Gustav Bychowski (born 1895 in Warsaw, Poland, died April 3, 1972 in Fes, Morocco) was an American psychiatrist, psychoanalyst and author. He studied for a medical degree at the University of Zurich and studied psychiatry at Burghölzli, the University of Zurich's psychiatric hospital. He then studied psychoanalysis under Sigmund Freud in Vienna before moving back to Warsaw in 1921 and translating Freud's Introduction to Psychoanalysis into Polish.
During his career, he wrote a large number of books on psychoanalysis including Evil in Man: The Anatomy of Hate and Violence and Dictators and Disciples from Caesar to Stalin. The latter looks specifically at Julius Caesar, Oliver Cromwell, Maximilien Robespierre, Adolf Hitler and Joseph Stalin.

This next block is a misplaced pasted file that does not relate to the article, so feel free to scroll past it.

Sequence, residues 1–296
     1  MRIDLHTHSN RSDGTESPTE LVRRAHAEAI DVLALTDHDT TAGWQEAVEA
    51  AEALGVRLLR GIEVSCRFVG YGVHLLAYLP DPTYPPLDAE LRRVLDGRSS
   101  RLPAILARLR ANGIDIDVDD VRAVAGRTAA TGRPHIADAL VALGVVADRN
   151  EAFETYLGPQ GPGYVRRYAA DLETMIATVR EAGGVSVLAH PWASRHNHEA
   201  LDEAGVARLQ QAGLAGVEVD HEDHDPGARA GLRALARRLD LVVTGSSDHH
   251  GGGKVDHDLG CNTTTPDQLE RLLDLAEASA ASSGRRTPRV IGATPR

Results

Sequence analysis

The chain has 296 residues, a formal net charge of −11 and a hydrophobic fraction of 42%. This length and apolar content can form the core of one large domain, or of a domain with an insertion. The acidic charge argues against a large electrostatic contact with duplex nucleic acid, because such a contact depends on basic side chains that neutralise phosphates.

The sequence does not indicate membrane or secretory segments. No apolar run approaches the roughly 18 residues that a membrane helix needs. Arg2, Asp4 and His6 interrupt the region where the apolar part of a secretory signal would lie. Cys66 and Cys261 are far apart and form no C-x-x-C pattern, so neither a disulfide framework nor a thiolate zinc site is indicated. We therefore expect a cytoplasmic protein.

The psychoanalyst Frank M. Lachmann describes Bychowski as not being a traditional Freudian: "Here was a Freudian analyst who was clearly more interested in connecting with the patient and finding areas of strength than in demonstrating how clever he could be in eliciting psychopathology". Lachmann writes that Bychowski eventually adopted similar views to that of Heinz Kohut.
- Specialized Techniques in Psychotherapy (ed. with J. Louise Despert), New York: Basic Books, 1952.
- Martin Wangh. "Gustav Bychowski, M.D—1895-1972". The Psychoanalytic Quarterly 41: 610–611. Retrieved 14 May 2012.
- Robert Gale Woolbert (July 1949). "Dictators and Disciples from Caesar to Stalin - Capsule Review". Foreign Affairs. Retrieved 15 May 2012.
- Frank M. Lechmann (1 August 2004). "Beyond the Mainstreams". Psychoanalytic Inquiry. Retrieved 15 May 2012.